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in particular, when they talk of.2the world of ideas, entertain us with substances and beings no less extravagant and chimerical. Many Aristotelians have likewise spoken as unintelligibly of their 'substantial forms. I shall only instance 4 Albertus Magnus, who in his dissertation upon the loadstone, observing that fire will destroy its magnetic virtues, tells us that he took particular notice of one as it lay glowing amidst an heap of burning coals, and that he perceived a certain blue vapour to arise from it, which he believed might be the substantial form; that is, in our West Indian phrase, the soul of the loadstone.
There is a tradition among the Americans, that one of their countrymen descended in a vision to the great repository of souls, or, as we call it here, to the other world; and that upon his return he gave his friends a distinct account of everything he saw among those regions of the dead. A friend of mine, whom I have formerly mentioned, prevailed upon one of the interpreters of the Indian kings, to inquire of them, if possible, what tradition they have among them of this matter; which, as well as he could learn by those many questions which he asked them at several times, was in substance as follows:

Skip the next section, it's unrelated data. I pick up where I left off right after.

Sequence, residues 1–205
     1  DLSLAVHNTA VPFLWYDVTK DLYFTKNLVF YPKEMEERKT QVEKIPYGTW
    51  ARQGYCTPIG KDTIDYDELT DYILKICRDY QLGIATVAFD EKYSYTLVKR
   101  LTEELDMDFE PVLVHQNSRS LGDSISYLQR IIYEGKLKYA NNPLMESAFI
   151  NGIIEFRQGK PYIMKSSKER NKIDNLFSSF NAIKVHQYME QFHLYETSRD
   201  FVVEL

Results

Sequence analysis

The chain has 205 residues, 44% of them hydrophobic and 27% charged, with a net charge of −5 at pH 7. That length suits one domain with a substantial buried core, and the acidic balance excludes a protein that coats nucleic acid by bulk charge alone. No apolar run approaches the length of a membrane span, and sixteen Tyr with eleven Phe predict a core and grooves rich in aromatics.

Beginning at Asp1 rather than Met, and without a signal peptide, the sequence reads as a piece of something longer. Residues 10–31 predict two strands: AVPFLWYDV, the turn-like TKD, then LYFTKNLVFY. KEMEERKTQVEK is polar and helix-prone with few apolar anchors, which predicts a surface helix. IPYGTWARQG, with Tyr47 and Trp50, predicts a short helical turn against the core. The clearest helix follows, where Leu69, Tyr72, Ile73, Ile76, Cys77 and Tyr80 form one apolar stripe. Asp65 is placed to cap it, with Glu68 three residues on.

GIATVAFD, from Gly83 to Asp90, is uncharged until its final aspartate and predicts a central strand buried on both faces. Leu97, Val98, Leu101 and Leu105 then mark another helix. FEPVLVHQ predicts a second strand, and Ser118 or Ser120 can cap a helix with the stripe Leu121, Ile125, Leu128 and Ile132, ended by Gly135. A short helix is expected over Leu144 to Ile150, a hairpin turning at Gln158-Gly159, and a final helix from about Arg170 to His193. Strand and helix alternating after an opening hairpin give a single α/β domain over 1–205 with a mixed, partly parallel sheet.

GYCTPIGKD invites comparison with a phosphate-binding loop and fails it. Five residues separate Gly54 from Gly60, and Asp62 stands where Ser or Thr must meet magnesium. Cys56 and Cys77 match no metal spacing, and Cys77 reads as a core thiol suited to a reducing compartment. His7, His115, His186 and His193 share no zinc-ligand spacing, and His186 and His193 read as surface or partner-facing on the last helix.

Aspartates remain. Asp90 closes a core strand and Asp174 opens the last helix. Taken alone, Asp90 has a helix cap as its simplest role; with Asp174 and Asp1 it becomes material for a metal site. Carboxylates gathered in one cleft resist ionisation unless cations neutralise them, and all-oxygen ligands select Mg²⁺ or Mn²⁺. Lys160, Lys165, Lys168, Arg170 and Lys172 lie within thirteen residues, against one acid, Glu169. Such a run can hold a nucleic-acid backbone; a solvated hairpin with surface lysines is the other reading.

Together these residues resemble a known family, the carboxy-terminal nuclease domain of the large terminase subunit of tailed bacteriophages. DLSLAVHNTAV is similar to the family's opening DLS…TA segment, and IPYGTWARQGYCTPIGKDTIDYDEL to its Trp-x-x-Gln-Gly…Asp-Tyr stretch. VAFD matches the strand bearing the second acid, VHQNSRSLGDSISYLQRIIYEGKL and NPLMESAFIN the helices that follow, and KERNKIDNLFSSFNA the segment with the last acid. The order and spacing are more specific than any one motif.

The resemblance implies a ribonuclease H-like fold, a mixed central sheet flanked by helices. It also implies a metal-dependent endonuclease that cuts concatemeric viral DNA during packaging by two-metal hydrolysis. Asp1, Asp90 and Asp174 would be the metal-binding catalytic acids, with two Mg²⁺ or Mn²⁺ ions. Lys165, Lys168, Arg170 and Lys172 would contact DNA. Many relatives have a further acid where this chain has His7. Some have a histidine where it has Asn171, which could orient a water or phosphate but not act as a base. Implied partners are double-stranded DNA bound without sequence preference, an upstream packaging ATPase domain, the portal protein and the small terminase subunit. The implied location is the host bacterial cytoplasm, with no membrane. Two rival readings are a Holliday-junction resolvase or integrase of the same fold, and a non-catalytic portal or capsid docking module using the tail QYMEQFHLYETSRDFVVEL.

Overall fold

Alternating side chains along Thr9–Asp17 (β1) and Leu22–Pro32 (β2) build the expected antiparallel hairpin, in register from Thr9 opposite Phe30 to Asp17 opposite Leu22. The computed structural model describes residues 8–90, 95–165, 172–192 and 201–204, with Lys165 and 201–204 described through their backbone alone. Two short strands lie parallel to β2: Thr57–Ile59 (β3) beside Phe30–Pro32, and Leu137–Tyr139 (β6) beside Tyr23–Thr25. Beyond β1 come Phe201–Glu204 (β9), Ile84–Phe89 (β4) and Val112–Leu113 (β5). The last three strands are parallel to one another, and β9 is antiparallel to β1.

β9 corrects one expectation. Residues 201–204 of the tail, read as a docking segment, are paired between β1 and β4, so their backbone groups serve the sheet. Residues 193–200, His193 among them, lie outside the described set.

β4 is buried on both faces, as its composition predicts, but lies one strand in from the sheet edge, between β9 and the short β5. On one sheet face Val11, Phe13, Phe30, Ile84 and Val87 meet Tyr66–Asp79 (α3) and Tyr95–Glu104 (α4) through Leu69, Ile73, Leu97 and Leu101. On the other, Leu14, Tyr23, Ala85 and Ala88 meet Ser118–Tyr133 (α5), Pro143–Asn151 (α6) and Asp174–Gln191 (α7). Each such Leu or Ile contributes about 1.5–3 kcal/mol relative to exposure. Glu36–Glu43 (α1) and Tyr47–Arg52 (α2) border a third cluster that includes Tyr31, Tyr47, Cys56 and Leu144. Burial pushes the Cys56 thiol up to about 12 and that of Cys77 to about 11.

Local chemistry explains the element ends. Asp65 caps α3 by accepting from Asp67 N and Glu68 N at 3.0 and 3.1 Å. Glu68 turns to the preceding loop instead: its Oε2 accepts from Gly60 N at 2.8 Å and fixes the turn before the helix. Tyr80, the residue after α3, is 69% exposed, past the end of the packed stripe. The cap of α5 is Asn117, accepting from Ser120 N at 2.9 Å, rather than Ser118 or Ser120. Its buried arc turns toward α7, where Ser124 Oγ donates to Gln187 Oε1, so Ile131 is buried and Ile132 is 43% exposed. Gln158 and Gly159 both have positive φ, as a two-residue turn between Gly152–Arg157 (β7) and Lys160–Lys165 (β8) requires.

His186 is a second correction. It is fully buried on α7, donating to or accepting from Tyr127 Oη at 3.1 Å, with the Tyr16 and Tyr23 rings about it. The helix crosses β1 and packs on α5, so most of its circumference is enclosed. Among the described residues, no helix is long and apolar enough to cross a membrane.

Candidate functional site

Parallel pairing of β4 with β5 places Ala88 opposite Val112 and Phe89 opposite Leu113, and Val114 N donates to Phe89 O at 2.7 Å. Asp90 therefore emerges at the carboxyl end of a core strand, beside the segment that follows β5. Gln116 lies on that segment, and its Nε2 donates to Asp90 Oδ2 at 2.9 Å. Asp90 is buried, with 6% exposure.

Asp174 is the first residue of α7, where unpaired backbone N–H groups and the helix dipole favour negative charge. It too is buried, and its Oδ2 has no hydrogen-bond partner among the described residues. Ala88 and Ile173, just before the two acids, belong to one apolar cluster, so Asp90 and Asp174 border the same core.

The visionary, whose name was Marraton, after having travelled for a long space under an hollow mountain, arrived at length on the confines of this world of spirits, but could not enter it by reason of a thick forest made up of bushes, brambles', and pointed thorns, so 5 perplexed and interwoven with one another, that it was impossible to find a passage through it. Whilst he was looking about for some track or pathway that might be worn in any part of it, he saw a huge lion couched under the side of it, who kept his eye upon him in the same posture as when he watches for his prey. The Indian immediately started back, whilst the lion rose with a spring, ami leaped towards him. Being wholly destitute of all other weapons, he stooped down to take up a huge stone in his hand; but to his infinite surprise grasped nothing, and found the supposed stone to be only the apparition of one. If he was disappointed on this side, he was as much pleased on the other, when he found the lion, which had seized on his left shoulder, had no power to hurt him, and was only the ghost of that ravenous creature which it appeared to be. He no sooner got rid of his impotent enemy, but he marched up to the wood, and after having surveyed it for some time, endeavoured to press into one part of it that was a little thinner than the rest; when again, to his great surprise, he found the bushes made no resistance, but that he walked through briers and brambles with the same ease as through the open air; and, in short, that the whole wood was nothing else but a wood of shades. He immediately concluded that this huge thicket of thorns and brakes was designed as a kind of fence or quickset hedge to the ghosts it enclosed; and that probably their soft substances might be torn by these subtle points and prickles, which were too weak to make any impressions in flesh and blood. With this thought he resolved to travel through this intricate wood; when by degrees he felt a gale of perfumes breathing upon him, that grew stronger and sweeter in proportion as he advanced. He had not proceeded much farther, when he observed the thorns and briers to end, and give place to a thousand beautiful green trees covered with blossoms of the finest scents and colours, that formed a wilderness of sweets, and were a kind of lining to those rugged scenes which he had before passed through. As he was coming out of this delightful part of the wood, and entering upon the plains it enclosed, he saw several horsemen rushing by him, and a little while after heard the cry of a pack of dogs. He had not listened long before he saw the apparition of a milk-white steed, with a young man on the back of it, advancing upon full stretch after the souls of about an hundred beagles, that were hunting down the ghost of an hare, which ran away before them with an unspeakable swiftness. As the man on the milk-white steed came by him, he looked upon him very attentively, and found him to be the young prince Nicharagua, who died about half a year before, and by reason of his great virtues was at that time lamented over all the western parts of America.